Saturday, February 20, 2010

incumbent Ukrainian President Viktor Yushchenko.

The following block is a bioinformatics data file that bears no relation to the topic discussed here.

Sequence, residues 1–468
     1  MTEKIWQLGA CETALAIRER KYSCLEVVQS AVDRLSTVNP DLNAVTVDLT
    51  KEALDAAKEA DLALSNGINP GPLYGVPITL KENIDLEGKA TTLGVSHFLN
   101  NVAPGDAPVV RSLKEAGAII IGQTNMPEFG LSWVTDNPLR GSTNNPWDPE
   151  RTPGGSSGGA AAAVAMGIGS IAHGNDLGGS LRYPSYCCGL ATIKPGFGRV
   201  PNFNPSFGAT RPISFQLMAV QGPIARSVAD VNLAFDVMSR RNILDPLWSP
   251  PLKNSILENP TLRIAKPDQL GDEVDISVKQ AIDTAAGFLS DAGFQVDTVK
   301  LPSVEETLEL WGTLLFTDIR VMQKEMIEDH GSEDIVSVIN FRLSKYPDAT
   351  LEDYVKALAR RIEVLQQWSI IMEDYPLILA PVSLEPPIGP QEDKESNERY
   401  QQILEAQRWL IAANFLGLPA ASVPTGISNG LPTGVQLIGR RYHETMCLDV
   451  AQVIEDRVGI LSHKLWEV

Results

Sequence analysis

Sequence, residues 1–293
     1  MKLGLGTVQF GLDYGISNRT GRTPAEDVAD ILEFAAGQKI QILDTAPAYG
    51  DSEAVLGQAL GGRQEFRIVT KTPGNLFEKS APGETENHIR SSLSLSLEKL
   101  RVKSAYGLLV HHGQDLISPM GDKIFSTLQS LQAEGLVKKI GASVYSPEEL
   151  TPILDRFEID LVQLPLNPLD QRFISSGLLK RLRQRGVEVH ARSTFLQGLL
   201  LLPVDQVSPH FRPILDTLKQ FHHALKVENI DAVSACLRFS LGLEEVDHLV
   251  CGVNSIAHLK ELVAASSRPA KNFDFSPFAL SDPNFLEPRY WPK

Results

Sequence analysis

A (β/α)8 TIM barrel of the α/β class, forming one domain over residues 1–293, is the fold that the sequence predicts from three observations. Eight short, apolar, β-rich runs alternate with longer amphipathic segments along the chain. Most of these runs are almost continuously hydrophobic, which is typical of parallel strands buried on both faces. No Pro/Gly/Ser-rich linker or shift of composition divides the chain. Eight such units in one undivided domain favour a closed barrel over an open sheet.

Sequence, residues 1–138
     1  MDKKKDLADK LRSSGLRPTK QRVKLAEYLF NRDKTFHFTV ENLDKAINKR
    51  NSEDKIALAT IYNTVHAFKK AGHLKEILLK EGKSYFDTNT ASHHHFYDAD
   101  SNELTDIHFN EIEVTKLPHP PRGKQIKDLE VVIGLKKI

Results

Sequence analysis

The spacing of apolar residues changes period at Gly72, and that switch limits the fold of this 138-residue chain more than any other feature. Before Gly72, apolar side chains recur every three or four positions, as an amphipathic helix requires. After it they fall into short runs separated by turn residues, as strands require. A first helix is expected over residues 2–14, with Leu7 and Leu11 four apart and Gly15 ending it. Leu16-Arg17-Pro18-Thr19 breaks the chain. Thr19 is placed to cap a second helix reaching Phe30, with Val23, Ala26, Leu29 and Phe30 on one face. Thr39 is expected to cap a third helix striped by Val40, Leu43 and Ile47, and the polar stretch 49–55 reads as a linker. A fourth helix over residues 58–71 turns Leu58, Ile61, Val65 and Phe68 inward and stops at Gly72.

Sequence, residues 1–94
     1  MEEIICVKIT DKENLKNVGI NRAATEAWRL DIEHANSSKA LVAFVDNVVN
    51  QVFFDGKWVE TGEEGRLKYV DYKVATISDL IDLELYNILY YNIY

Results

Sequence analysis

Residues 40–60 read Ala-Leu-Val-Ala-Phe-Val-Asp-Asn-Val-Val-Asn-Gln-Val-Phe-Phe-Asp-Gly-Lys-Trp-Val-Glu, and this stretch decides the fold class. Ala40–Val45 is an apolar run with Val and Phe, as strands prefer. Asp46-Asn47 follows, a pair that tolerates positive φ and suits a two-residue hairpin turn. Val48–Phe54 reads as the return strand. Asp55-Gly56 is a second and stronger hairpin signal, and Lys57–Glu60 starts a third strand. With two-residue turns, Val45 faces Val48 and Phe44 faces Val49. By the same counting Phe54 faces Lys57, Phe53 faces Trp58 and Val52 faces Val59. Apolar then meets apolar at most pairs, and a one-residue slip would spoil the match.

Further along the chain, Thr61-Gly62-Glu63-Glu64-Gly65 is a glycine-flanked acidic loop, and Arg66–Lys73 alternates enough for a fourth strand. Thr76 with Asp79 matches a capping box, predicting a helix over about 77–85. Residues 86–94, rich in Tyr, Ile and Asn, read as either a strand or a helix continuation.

She said once again that Viktor Yanukovich will never be considered Ukraine's legitimately elected president. This is in stark contrast to her fellow Orange Revolutionary - incumbent Ukrainian President Viktor Yushchenko. On Saturday he finally congratulated his long-time rival, Mr Yanukovich, on a legitimate victory. Sergei Mishchenko, an MP from Mrs Tymoshenko's party, has said their party is planning to boycott the inauguration ceremony scheduled for 25 February. He also added Mrs Tymoshenko is not giving in, she will not recognise the elections results and she will continue to work as prime minister. Mr Yanukovich has asked Mrs Tymoshenko to step down from her post on several occasions. And she has said that she will notAs president, Mr Yanukovich does not have the right to fire or to appoint a prime minister - that is up to Ukraine's parliament. At the moment Mrs Tymoshenko's party is still part of the parliamentary coalition, but negotiations are under way to form a new coalition based on Mr Yanukovich's Regions Party. One of the leaders of the Regions Party, Nikolai Azarov, speaking to Ukrainian TV channel Inter, said it was fantastic to even consider the possibility of Mrs Tymoshenko remaining in her post for much longer. But no-one here in Ukraine thinks it will be an easy task to remove her. Country in limboOnce MPs form a new coalition they are likely to vote Mrs Tymoshenko's government out, but until a new government is formed - and that can take weeks in the current political situation - Mrs Tymoshenko will remain as acting prime minister under President Yanukovich. Analysts agree that little will be achieved in those weeks, and the country will remain in limbo. Of course, these coalition talks depend on many factors, on internal politics and favours. If they fail, Ukrainians will have to vote once again - in early parliamentary elections. Either way, despite peoples' hopes, the economic situation is not likely to improve drastically. Mr Yanukovich has promised to improve the lives of those most disadvantaged - state workers and pensioners. During his election campaigning he also promised to create more jobs. But with a government run by his rival he will experience difficulties in fulfilling any of his promises. Mrs Tymoshenko will also not be able to push any of her priorities. The country is still living according to last year's budget. It is even unclear where the money for the inauguration is to come from. Ukraine is also waiting for the much needed last tranche of the $16.4bn (£10.6bn) bailout programme from the International Monetary Fund. This payment was suspended last year - until after the presidential elections with a specific demand from the IMF for political stability and a democratic transfer of power. However, Mr Yanukovich will have to consider what his rival stands for. Half the country did, after all, vote for Mrs Tymoshenko, and he won by a small margin. He promised to unite the country - the Russian-speaking east and south that backed him overwhelmingly, and the Western Ukrainian-speaking half that backed Mrs Tymoshenko. But no-one is really certain how he will achieve that. Just after the elections Mr Yanukovich said he was still undecided whether to visit Russia or an EU country first, but now the Kremlin is saying Mr Yanukovich will go to Moscow in early March.



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